Tuesday, September 30, 2014

The Fade Out #2: Preview Today, In Stores Tomorrow.

The second issue in Ed Brubaker and Sean Phillips' Golden-Age Hollywood noir is almost out, and we see that a three-page preview has just been posted at All-Comic, Comic Book Resources, and Comicosity, the latter of which lists the book in this week's Hot Five.

The dramatis personae continues to grow for what Brubaker promises to be a sprawling story.  The first issue began with a hangover from a wild party, and this issue begins with more serious consequences from that night, the funeral for the coulda-been starlet known as Valeria Sommers.

The Fade Out #2 is in stores tomorrow.

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Wednesday, September 24, 2014

The Final Fatale Collection, The Fade Out Reprint, and a Movie for Peg Entwhistle.

On sale today is the fifth and final trade paperback collection for Ed Brubaker and Sean Phillips horror-noir epic, Fatale.  This edition of "Curse the Demon" is probably the last release for the series until we see the second deluxe hardcover collection; early last week, Brubaker confirmed that the hardcover is not yet "on the schedule."

Also in stores today is the second printing of The Fade Out #1, the latest series from Brubaker and Phillips.  Brubaker just got his copies of issue #2, which he relays is in stores next week.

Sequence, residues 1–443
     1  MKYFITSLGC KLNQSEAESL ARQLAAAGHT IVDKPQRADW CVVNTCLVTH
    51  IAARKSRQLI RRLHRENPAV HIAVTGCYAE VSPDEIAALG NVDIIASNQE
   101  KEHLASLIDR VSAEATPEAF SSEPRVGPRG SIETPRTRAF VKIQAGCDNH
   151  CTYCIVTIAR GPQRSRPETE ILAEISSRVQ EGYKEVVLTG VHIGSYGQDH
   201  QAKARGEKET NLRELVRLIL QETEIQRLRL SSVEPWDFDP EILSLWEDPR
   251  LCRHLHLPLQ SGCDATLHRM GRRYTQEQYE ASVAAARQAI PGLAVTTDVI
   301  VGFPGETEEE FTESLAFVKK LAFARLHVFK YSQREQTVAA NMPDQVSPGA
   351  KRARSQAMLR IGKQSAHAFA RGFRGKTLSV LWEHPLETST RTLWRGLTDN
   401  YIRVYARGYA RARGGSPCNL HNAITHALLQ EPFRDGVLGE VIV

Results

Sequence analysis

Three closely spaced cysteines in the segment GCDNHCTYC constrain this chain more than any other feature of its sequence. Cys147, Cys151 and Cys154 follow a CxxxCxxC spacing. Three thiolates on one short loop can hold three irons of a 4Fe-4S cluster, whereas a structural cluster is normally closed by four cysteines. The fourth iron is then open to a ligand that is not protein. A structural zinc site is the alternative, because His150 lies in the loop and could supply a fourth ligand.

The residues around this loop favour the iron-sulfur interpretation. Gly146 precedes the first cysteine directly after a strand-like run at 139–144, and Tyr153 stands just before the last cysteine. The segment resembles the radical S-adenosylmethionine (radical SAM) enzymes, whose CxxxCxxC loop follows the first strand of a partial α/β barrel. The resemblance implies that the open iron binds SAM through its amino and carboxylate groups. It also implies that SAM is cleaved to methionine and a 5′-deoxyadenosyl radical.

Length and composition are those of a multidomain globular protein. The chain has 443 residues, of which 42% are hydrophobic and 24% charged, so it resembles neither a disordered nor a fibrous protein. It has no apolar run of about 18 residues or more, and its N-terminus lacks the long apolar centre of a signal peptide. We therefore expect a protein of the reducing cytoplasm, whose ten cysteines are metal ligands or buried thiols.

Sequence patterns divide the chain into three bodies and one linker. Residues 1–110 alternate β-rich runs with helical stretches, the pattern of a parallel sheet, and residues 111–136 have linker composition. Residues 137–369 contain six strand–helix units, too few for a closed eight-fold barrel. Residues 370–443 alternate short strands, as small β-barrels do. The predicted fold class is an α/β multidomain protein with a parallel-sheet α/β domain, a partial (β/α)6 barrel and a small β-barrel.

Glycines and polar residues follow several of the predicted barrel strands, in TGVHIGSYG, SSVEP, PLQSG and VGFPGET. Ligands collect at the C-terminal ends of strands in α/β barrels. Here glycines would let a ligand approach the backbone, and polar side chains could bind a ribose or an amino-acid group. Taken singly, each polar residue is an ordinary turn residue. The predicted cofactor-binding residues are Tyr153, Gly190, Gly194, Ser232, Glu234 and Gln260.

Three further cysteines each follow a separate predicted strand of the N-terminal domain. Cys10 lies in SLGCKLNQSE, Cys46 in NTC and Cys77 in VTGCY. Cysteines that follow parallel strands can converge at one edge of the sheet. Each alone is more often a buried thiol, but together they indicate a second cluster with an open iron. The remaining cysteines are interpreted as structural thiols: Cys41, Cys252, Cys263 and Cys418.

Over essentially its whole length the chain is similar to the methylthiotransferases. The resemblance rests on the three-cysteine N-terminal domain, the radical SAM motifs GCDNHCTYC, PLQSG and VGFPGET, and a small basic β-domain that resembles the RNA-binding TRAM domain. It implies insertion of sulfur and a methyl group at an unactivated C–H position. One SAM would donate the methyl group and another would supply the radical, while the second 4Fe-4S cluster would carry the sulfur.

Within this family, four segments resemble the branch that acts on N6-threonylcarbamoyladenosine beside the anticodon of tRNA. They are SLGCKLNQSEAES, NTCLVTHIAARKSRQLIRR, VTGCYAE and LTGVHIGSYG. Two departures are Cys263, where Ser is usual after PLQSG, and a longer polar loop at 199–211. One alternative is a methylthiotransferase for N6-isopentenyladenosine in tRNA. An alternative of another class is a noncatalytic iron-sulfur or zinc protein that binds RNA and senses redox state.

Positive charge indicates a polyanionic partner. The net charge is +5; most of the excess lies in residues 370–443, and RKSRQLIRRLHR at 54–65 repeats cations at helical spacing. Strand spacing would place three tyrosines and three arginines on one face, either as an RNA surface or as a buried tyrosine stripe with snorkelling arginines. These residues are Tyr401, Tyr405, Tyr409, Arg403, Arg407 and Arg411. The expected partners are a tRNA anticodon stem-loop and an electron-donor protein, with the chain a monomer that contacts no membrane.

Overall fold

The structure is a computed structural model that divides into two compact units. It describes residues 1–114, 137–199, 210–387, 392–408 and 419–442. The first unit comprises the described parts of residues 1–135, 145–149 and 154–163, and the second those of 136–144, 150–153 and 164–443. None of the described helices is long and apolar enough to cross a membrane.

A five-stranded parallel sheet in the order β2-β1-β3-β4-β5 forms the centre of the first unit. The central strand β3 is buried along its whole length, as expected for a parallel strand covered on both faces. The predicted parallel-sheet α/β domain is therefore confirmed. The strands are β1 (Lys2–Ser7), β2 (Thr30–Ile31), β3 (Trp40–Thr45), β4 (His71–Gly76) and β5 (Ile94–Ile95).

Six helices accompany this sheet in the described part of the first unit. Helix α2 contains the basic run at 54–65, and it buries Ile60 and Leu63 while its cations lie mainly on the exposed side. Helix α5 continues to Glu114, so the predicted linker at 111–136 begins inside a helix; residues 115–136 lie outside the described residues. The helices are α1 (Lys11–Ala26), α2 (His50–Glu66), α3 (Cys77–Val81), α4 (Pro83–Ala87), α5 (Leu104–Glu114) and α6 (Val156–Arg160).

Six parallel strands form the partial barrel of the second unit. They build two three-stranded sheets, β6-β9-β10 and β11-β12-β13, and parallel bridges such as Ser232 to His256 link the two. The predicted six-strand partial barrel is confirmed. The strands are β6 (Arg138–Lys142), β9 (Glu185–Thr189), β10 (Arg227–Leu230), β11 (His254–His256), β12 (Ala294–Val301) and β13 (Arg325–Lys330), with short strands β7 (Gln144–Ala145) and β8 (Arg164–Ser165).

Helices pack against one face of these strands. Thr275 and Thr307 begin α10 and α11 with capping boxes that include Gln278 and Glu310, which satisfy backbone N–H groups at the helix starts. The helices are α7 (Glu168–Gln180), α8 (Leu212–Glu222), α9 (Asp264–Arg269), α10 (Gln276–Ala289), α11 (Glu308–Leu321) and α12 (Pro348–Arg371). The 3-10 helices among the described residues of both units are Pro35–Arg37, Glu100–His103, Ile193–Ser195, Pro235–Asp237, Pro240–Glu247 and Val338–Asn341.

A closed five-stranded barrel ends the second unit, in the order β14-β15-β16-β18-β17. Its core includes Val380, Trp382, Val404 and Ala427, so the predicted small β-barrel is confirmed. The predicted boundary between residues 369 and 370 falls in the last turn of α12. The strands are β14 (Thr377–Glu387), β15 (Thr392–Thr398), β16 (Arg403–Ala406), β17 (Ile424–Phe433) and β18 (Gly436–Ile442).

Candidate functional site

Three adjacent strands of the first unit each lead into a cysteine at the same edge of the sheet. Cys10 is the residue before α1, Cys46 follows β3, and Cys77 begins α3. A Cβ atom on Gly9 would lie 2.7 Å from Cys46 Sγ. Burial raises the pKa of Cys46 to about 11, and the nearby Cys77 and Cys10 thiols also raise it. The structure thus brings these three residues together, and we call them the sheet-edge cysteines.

The most interesting news concerns a Hollywood actress who died nearly 80 years ago.  The bonus essay in The Fade Out #1 was "The Lonesome Death of Peg Entwistle," by Devin Faraci, about an obscure actress who committed suicide in 1932:  she leaped off the "H" in the famous Hollywoodland sign, a month prior to her only appearance in film, in a movie called Thirteen Women.

Last Wednesday, the LA Times ran a story about a hundred people gathering in the neighborhood of Beachwood Village, on the anniversary of her suicide.  Just two days later, Deadline exclusively reported on plans to bring her story to the big screen, with Tony Kaye, the director of American History X, writing and planning on directing the film.

If the film does get made, they could get Sean Phillips to create the poster, basing it on the haunting artwork he created for the essay.

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Wednesday, September 17, 2014

Gotham and the Big Apple This Week; Books Coming in January.